Copyright © 2015
Tag - Syncing
Last week Pointers covered scratching an itch that had come up for us: the need for certain people to see our calendars despite their being on Google and our being on Apple Calendar. The short version is that you can do it but it's a bit fiddly and involved a workaround. It turns out, though, that we need a longer version because all that worked fine when these people were in our group company Google Calendar. Now the people who needs to see it the most are not: they're remote workers and what they really require is to have our calendar appear alongside their own.
Stop us if you've heard this one: we want to share our calendar with someone, but we don't want them to know precisely what we're doing. We need them to know we're a bit busy on Tuesday morning but, on balance, we'd rather they not be able to tell that it's our DUI court case. To be fair, they don't want to know either.
My wife Angela is classy, elegant, charming and considerate -- but she can afford to be, she's just got an Apple Watch. I bought it for her at the precise same second I bought one for myself yet while hers just raced through the Preparing to Ship and on to Dispatched and is today on her wrist, mine is stuck on Processing, with as far as I can tell two million others'. You can call me romantic for buying her one and actually I'd like it if you did, it would help me feel better that mine is nowhere in sight yet.
It's one year since I was given a premium subscription to Evernote for OS X as a present, it's probably three years since I started using the service and its generous free version. Naturally, when you've used something for a while you get familiar with it and you know it's good and bad points. However, the kind of long-term test that Living With entails feels especially vital with Evernote. At first it feels like a handy note-taking app or convenient syncing service but if that is enough for you to carry on using it, there suddenly comes a moment when it changes. At some point Evernote becomes a ubiquitous part of your working life.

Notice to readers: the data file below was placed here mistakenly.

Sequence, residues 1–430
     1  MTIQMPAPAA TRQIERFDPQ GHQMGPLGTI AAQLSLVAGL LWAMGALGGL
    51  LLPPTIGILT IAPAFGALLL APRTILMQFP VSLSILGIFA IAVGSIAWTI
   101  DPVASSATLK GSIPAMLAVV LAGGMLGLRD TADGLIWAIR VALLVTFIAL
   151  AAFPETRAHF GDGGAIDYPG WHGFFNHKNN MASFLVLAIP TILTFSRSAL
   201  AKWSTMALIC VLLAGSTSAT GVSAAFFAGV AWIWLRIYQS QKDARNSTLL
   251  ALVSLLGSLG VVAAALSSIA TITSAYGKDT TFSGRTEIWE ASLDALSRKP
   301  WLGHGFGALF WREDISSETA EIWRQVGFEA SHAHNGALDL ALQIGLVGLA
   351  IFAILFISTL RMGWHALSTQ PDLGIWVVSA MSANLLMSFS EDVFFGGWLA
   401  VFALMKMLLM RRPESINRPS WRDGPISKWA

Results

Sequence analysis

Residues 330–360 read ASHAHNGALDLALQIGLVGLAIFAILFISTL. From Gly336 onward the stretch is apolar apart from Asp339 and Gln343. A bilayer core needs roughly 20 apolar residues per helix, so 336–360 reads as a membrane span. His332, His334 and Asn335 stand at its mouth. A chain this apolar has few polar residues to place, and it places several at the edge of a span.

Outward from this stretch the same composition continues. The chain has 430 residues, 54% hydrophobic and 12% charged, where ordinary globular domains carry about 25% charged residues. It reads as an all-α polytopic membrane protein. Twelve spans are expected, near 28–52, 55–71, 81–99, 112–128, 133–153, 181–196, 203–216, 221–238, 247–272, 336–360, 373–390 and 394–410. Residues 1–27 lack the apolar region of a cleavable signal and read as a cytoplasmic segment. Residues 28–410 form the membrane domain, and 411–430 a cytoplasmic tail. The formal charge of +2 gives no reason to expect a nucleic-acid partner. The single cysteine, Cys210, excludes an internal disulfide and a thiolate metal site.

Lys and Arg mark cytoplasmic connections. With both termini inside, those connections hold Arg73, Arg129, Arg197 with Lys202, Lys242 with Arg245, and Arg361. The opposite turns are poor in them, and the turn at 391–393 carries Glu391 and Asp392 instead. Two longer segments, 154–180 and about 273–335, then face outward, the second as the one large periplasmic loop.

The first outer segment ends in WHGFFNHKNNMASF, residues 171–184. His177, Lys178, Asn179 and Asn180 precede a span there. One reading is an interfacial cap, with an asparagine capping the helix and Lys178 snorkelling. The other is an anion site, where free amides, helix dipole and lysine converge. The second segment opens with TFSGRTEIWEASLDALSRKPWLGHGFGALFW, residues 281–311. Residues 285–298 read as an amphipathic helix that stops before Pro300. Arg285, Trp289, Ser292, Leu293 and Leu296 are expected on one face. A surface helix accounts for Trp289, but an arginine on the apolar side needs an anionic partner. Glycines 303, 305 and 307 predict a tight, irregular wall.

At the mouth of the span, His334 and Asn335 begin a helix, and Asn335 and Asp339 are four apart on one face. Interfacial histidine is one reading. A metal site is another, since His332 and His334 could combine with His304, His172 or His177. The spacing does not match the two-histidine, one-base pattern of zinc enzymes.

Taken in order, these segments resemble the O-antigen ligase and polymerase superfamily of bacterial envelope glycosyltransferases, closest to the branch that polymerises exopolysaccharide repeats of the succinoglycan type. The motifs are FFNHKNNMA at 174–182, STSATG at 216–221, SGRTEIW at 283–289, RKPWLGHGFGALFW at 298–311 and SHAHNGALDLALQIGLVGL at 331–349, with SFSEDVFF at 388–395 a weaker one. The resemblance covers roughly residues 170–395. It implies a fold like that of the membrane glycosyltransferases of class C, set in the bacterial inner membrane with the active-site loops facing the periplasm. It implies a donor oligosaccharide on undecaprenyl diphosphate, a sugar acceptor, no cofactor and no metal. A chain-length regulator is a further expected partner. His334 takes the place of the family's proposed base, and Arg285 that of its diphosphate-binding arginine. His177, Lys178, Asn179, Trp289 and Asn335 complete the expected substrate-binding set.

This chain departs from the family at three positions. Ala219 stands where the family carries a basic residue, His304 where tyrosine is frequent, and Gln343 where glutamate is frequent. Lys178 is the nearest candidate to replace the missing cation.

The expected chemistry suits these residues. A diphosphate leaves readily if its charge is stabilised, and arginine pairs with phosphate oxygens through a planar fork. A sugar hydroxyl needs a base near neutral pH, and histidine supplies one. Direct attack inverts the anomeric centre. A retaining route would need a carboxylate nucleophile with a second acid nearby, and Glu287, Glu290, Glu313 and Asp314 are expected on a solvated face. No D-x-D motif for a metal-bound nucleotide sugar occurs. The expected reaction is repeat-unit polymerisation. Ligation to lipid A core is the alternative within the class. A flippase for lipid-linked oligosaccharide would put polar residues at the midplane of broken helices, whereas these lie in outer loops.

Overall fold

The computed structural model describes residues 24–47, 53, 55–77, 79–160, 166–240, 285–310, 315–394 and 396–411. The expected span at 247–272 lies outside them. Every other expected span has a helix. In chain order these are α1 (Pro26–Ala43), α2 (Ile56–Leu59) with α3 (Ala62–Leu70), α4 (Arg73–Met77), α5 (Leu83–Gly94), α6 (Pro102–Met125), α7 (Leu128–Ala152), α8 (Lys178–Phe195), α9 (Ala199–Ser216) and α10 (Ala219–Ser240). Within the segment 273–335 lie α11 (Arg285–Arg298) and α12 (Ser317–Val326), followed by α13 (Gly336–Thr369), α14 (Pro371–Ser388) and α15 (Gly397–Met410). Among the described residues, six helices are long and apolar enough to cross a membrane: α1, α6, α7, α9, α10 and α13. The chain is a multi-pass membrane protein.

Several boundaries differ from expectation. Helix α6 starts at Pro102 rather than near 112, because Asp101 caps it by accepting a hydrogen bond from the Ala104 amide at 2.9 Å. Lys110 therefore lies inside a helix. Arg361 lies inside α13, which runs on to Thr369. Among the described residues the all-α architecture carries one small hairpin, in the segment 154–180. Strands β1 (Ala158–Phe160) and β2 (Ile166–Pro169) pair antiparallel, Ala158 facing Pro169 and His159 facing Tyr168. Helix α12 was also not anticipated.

Electronic accessories company Scosche has announced the availability of its new dual syncing cable, the smartBox. Composed of a two-in-one setup, the retractable charge and sync cable can connect to devices with Lighting or micro USB devices. The cable can extend outwards up to three feet, and its sliding adapters allows for the switch between Lighting and micro USB connectivity. Priced at $25, the Scosche smartBox is available for purchase online.
Online backup storage service IDrive has revamped its plans to offer more space, and a new separate sync service -- and to celebrate, it will give current and new users the same amount of sync space as they use for backups at no additional charge. The new service allows users to sync files in real time across all linked devices (on Macs, PCs or mobile devices) as well as their separate IDrive account. The sync feature can optionally be protected with private-key encryption if desired.
Phlo has announced its decision to change its search app pricing to be free. Previously $3, Phlo allows its users to search multiple websites and services simultaneously, and those who have already paid for the app will receive free access to Phlo Sync--an additional feature for syncing collective search history across devices. Users who download the app for free can access Phlo Sync by purchasing a subscription for $2 annually. Phlo for iOS now has additional features, including a quick filter for one's sites list that lets users jump to one's preferred search site. An added refresh button is now in the browser, and the app's overall performance has improved speeds.
Mozilla has started testing a username and password approach to Firefox Sync. Sync allows users to access browser content across multiple computers and mobile devices, and previously required typing a "pairing code" shown on one browser into another. Mozilla's username-password authentication for syncing is now available in the nightly build of Firefox, and will be included in more stable versions of Firefox soon.
Officially announced at this year's CES, Griffin Technology is now shipping its Merchant Case and Square Reader for the iPhone 5/5s/5c line. The Merchant case is custom-molded to secure the Square Reader in place, and eliminate excess strain on the iPhone's headphone jack when connected. The groove along the bottom aligns with the Square Reader, and allows credit cards to slide through smoothly. Its silicone construction protects the phone from drops and bumps, and an integrated slot located on the back of the case stores the Square Reader when not in use.
Dropbox wants to become more useful to its customers as well as developers, by offering itself as a cloud storage provider for apps. The company used its DBX developer conference to introduce the Dropbox Platform for third-party app syncing, along with a number of tools for developers to allow apps to easily synchronize data across multiple devices.